Building T-pylons between Bridgwater substation and Loxton

Building T-pylons between Bridgwater substation and Loxton

In May 2020, we started work to build T-pylons between Bridgwater substation and a new cable sealing end compound (CSC) at Loxton, where it will join to the underground cables we’re building through the Mendip Hills.

We’ve appointed Balfour Beatty as the principal contractor for this stage of work and we expect to complete construction of the T-pylons by the end of 2022.

We’re using T-pylons for most of the route – the first new design for pylons in this country for almost a century. It has a single pole and T-shaped cross arms which hold the wires in a diamond ‘earring’ shape. It is around 35 metres high; about a third shorter than traditional 400,000 volt steel lattice pylons. It also has a smaller footprint and will use less land.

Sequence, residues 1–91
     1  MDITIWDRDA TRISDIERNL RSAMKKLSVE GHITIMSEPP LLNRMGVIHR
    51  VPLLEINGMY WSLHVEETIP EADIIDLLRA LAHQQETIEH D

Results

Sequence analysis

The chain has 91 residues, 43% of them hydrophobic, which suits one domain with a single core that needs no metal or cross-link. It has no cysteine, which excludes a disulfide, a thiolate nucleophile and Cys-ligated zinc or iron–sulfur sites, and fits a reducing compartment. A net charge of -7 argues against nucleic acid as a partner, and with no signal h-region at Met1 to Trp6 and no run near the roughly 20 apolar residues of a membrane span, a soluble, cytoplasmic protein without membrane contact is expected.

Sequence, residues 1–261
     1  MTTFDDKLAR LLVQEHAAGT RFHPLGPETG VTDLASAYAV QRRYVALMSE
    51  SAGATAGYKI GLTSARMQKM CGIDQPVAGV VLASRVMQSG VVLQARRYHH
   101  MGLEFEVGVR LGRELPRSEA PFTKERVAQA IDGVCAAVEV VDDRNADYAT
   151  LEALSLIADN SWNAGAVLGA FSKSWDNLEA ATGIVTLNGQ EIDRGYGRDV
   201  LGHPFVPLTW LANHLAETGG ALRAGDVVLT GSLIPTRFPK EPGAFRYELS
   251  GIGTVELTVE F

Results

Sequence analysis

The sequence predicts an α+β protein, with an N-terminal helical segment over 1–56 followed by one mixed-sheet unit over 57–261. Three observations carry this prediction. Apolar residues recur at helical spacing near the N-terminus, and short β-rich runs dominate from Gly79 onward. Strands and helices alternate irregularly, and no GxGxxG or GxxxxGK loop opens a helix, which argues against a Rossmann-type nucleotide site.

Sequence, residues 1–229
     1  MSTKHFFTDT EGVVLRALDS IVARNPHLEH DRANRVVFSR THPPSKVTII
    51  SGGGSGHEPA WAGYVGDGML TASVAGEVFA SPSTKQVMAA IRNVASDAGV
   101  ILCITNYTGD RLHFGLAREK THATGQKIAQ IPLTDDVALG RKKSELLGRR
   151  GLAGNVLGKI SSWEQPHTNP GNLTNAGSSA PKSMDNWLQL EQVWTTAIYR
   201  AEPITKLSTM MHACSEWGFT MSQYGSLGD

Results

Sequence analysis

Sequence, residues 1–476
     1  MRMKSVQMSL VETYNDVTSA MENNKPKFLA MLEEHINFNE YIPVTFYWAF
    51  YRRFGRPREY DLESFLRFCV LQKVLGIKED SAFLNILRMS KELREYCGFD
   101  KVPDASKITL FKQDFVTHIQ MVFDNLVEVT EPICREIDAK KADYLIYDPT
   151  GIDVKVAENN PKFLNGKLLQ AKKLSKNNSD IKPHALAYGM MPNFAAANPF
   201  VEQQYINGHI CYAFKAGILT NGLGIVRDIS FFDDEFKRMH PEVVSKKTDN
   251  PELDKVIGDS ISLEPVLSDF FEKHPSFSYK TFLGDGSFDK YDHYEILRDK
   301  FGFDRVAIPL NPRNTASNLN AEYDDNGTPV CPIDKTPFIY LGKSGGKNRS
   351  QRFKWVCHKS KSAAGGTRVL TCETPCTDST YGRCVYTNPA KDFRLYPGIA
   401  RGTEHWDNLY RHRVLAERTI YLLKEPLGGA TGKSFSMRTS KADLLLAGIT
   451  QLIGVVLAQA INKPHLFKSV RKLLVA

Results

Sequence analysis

We recognise that our construction activity impacts local communities. We are working with our contractor to limit that as much as possible.

Piling foundations

Work started in October 2020 and will last for up to 12 months. An important part of our work involves driving concrete and steel piles into the ground to ensure we build solid foundations for the pylons.

You may hear noise and feel vibrations when we are carrying out piling. This will depend on how close you are to the site and the ground conditions and wind direction. We are sorry if this causes any disturbance.

To reduce disruption to local residents, we will not carry out any piling over the weekends and we will limit piling to between the hours of 8am and 5pm. The hydraulic hammer is the most silenced on the market and the piling rig has been designed to minimise noise and vibrations. We expect the piling at each site to be finished within 2 – 3 days.

This schedule shows where we are piling and when.

Working hours

Our agreed standard working hours are between 7am and 7pm Monday to Friday and 8am to 5pm on weekends.

Most work will be carried out on weekdays, although there may be occasions when we’ll need to work at weekends or outside the standard hours. Examples would be when we are working on a continuous process, if adverse weather or ground conditions cause delays, or to avoid traffic delays during the week. There are restrictions to this.